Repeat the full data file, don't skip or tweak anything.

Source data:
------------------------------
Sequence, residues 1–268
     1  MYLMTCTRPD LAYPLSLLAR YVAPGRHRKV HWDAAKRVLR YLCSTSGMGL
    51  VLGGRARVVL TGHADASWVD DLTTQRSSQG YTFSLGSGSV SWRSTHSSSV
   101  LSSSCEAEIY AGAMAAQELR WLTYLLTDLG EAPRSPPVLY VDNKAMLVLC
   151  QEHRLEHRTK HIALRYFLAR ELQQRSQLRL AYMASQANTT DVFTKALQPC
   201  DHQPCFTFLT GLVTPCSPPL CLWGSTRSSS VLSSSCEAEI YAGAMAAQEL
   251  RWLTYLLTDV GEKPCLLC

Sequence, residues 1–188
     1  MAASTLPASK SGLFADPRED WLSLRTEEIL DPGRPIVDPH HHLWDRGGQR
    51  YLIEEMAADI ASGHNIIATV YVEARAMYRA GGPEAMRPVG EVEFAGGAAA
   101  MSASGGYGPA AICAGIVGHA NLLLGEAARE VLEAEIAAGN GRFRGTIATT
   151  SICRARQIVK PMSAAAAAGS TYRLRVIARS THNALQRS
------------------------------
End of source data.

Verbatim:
Sequence, residues 1–268
     1  MYLMTCTRPD LAYPLSLLAR YVAPGRHRKV HWDAAKRVLR YLCSTSGMGL
    51  VLGGRARVVL TGHADASWVD DLTTQRSSQG YTFSLGSGSV SWRSTHSSSV
   101  LSSSCEAEIY AGAMAAQELR WLTYLLTDLG EAPRSPPVLY VDNKAMLVLC
   151  QEHRLEHRTK HIALRYFLAR ELQQRSQLRL AYMASQANTT DVFTKALQPC
   201  DHQPCFTFLT GLVTPCSPPL CLWGSTRSSS VLSSSCEAEI YAGAMAAQEL
   251  RWLTYLLTDV GEKPCLLC

Sequence, residues 1–188
     1  MAASTLPASK SGLFADPRED WLSLRTEEIL DPGRPIVDPH HHLWDRGGQR
    51  YLIEEMAADI ASGHNIIATV YVEARAMYRA GGPEAMRPVG EVEFAGGAAA
   101  MSASGGYGPA AICAGIVGHA NLLLGEAARE VLEAEIAAGN GRFRGTIATT
   151  SICRARQIVK PMSAAAAAGS TYRLRVIARS THNALQRS